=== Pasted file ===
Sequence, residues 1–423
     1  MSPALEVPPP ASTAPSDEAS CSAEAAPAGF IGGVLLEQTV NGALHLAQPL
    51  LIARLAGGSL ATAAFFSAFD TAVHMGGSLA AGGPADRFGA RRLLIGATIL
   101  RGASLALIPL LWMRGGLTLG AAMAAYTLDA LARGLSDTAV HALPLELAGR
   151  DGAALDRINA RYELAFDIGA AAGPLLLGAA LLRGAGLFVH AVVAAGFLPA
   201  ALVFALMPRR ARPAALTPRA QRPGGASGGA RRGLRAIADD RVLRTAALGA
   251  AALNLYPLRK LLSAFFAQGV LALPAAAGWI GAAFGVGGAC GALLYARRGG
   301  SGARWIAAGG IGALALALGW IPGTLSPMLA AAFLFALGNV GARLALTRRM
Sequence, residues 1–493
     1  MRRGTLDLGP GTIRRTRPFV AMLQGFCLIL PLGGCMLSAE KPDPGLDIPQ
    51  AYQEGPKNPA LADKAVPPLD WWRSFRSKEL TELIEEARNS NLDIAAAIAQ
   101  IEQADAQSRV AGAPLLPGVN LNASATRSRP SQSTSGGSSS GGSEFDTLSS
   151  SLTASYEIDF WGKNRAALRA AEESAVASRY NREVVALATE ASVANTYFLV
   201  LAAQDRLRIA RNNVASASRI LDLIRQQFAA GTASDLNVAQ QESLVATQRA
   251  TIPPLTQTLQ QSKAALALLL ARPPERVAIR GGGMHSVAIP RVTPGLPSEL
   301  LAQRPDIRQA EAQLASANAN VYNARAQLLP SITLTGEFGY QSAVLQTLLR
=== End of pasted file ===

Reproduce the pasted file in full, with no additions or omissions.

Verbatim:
Sequence, residues 1–423
     1  MSPALEVPPP ASTAPSDEAS CSAEAAPAGF IGGVLLEQTV NGALHLAQPL
    51  LIARLAGGSL ATAAFFSAFD TAVHMGGSLA AGGPADRFGA RRLLIGATIL
   101  RGASLALIPL LWMRGGLTLG AAMAAYTLDA LARGLSDTAV HALPLELAGR
   151  DGAALDRINA RYELAFDIGA AAGPLLLGAA LLRGAGLFVH AVVAAGFLPA
   201  ALVFALMPRR ARPAALTPRA QRPGGASGGA RRGLRAIADD RVLRTAALGA
   251  AALNLYPLRK LLSAFFAQGV LALPAAAGWI GAAFGVGGAC GALLYARRGG
   301  SGARWIAAGG IGALALALGW IPGTLSPMLA AAFLFALGNV GARLALTRRM
Sequence, residues 1–493
     1  MRRGTLDLGP GTIRRTRPFV AMLQGFCLIL PLGGCMLSAE KPDPGLDIPQ
    51  AYQEGPKNPA LADKAVPPLD WWRSFRSKEL TELIEEARNS NLDIAAAIAQ
   101  IEQADAQSRV AGAPLLPGVN LNASATRSRP SQSTSGGSSS GGSEFDTLSS
   151  SLTASYEIDF WGKNRAALRA AEESAVASRY NREVVALATE ASVANTYFLV
   201  LAAQDRLRIA RNNVASASRI LDLIRQQFAA GTASDLNVAQ QESLVATQRA
   251  TIPPLTQTLQ QSKAALALLL ARPPERVAIR GGGMHSVAIP RVTPGLPSEL
   301  LAQRPDIRQA EAQLASANAN VYNARAQLLP SITLTGEFGY QSAVLQTLLR